- Pour some Clorox Toilet Bowl Cleaner Lime and Rust Remover into the toilet bowl
- Use the toilet brush to scrub the areas with rust
- Let the solution sit for twenty minutes
- Flush and repeat until rust particles start to break down
How Often To Clean Rust Stains on Toilets, Tubs, and Sinks
The rust stains are easiest to deal with when they happen. If you are someone that uses bleach to clean your toilet bowls, you should treat your rust stains before using bleach in the toilet.
I would look for and treat rust stains at least once per month in homes that have issues with rust.
How To Remove Rust Stains From the Toilet Tank
The toilet tank has just as much exposure to water with high levels of iron as the toilet bowl. In addition, the toilet tank stays dark and moist at all times, so you can sometimes deal with mold and other bacteria in the tank.
- Drain the water out of the tank so that you have exposure to all of the rust stains
- Fill the toilet tank with vinegar; you will need about three gallons
- Take the toilet brush and scrub the sides of the tank with the vinegar
- Let the vinegar sit in the toilet bowl for a few hours
- Drain the vinegar by flushing the toilet
- Sprinkle baking soda on the inside of the toilet tank
- Scrub the toilet tank again
- Flush and see if the orange rust stains have disappeared
- If they are still there, you may consider using a commercial rust remover
Preventing Rust Stains in Your Toilet Bowl
To prevent rust stains, you can try any of these methods that I use. I will fully disclose that sometimes you just can’t prevent these rust stains; you just have to stay on top of treating them.
Clean the Toilet Regularly
The toilet gets cleaned with a toilet brush and a commercial or natural cleaning agent every few days in our house. I find that this helps prevent rust stains, but it certainly does not keep them away entirely.
Make Sure Your Toilet Does Not Continually Run
If you have a faulty flapper, your water will continue to run, making it very difficult to prevent rust stains. When things can stay as dry as possible, you will have fewer problems with rust.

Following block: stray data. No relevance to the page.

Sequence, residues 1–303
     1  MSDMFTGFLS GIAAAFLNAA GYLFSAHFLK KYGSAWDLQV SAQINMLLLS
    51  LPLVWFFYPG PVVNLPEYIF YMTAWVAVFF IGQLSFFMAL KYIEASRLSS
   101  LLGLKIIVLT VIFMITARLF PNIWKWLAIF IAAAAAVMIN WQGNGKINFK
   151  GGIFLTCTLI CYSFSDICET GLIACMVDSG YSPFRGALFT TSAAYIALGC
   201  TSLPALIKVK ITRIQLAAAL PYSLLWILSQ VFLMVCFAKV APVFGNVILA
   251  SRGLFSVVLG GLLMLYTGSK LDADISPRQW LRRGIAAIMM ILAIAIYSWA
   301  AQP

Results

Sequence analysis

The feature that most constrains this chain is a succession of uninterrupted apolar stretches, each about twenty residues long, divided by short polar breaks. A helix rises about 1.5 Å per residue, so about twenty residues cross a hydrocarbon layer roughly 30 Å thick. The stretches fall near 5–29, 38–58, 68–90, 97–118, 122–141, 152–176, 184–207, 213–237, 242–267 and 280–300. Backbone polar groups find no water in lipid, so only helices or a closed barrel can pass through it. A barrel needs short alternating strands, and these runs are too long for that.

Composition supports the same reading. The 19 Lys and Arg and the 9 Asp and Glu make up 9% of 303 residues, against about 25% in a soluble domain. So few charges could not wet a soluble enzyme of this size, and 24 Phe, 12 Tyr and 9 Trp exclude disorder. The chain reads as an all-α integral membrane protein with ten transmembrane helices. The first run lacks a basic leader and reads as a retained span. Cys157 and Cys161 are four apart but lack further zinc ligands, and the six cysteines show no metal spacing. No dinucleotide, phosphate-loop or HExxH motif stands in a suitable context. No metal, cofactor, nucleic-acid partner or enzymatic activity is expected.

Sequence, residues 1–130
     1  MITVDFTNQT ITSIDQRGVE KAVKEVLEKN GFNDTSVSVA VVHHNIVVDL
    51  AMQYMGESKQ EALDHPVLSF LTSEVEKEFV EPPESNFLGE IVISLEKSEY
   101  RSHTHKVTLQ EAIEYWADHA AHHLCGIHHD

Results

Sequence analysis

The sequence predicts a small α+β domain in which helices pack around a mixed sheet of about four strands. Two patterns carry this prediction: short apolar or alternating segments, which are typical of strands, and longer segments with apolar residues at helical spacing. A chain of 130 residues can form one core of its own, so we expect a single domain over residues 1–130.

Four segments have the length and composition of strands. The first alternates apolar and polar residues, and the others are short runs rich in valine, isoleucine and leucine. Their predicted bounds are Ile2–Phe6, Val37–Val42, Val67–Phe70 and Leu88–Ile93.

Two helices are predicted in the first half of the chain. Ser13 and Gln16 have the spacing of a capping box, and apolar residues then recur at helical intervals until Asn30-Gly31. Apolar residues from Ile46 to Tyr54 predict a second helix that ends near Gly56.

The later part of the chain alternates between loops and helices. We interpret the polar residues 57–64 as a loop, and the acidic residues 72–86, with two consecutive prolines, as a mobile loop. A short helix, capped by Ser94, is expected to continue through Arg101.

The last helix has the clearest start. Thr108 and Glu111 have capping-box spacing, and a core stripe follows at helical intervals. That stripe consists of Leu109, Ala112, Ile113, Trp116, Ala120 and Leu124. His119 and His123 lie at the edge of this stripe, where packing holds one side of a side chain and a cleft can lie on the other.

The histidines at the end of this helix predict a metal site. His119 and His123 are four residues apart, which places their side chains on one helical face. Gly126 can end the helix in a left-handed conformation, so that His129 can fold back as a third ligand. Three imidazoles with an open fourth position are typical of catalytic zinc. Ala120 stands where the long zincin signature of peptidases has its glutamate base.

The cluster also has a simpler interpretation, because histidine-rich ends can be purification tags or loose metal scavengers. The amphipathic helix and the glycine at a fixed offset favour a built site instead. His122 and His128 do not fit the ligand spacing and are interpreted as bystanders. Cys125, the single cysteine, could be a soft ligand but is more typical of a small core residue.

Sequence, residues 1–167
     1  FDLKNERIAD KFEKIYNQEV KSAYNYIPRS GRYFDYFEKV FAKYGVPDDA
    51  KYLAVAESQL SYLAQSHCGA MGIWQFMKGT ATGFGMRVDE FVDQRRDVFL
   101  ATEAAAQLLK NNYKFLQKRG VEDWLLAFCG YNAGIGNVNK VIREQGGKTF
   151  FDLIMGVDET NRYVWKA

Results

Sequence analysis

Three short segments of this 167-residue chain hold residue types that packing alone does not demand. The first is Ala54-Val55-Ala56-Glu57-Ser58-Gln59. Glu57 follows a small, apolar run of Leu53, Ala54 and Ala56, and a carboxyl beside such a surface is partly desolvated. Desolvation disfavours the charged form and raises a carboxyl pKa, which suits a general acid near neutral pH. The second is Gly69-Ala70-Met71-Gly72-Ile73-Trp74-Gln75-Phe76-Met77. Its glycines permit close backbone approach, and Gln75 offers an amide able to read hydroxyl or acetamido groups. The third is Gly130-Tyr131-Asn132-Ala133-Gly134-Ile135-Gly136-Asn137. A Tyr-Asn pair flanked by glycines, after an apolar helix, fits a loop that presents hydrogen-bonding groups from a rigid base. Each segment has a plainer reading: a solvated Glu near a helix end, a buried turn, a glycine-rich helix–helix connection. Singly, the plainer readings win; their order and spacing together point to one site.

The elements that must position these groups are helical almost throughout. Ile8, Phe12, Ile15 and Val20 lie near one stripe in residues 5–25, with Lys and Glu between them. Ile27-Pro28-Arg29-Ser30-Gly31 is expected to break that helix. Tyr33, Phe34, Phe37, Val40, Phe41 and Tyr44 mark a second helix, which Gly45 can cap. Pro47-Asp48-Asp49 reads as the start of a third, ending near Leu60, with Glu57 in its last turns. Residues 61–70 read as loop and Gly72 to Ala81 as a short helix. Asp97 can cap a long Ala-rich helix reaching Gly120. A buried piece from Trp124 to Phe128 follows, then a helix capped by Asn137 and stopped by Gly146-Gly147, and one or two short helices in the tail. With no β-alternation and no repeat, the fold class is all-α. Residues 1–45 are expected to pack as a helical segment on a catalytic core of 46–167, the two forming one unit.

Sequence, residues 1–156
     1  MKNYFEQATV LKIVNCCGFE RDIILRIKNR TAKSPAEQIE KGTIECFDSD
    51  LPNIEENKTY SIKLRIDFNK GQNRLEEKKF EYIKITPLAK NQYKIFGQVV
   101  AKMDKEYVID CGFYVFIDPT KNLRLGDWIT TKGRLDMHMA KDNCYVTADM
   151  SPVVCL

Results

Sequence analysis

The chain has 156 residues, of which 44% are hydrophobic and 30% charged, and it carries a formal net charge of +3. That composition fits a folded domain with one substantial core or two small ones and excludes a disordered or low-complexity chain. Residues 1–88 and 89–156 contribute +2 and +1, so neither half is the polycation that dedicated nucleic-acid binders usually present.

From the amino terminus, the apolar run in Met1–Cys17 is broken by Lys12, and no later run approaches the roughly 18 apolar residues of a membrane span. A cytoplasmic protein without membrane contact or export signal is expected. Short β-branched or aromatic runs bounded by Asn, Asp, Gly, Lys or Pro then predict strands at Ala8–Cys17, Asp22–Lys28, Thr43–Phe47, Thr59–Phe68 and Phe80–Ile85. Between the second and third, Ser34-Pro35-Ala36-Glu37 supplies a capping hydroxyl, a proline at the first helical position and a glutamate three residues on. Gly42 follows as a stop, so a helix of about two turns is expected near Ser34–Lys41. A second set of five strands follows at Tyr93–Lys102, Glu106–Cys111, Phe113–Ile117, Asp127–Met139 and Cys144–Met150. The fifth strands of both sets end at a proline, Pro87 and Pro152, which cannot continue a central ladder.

Install a Water Softener
A water softener for the entire home is a great solution as it can help prevent rust stains in the toilet bowl but also in the sinks and bathtubs. This one could be worth the investment if you are tired of fighting the rust stain continually due to having hard water.
Talk to a professional plumber if you truly can’t keep up with the rust in your plumbing system. Whole home plumbing upgrades are expensive, so you will want to wait until this is necessary. Old pipes can be replaced with new copper pipes, but again, the pricing is high for this type of project.
Replace Rusty Toilet Tank Interiors
If your rust stain problem seems concentrated on one toilet, it could be the toilet itself creating the issue. You may want to look at replacing rusty parts with plastic or PVC so that no rust can be recreated.
Can Bleach Be Used To Remove Rust Stains?
Bleach should not be used to remove rust stains. Bleach is not acidic and is instead alkaline, and it will oxidize iron. Applying bleach will make the rust stains you have now considerably worse.
How Can I Tell if My Rust Stains Are Due to My Plumbing or My Water Source?
One of the easiest ways to see if your rust stains are due to plumbing or water is to ask a neighbor. If everyone in your area who uses the same water source has rust problems, it’s likely not a problem isolated to your home.
What Should I Do if Rust Stains Keep Reappearing Despite Regular Cleaning?
Talk to a plumber if your rust stains will not go away. A plumber can help you learn how to remove rust stains effectively and determine whether certain rusty toilet bowls or pipes need to be removed.
Are There Any Health Risks Associated With Rust Stains in the Toilet Bowl?
There are no real health risks with the brown stains from rust in your toilet bowl. However, it could be a sign that your older pipes are starting to deteriorate.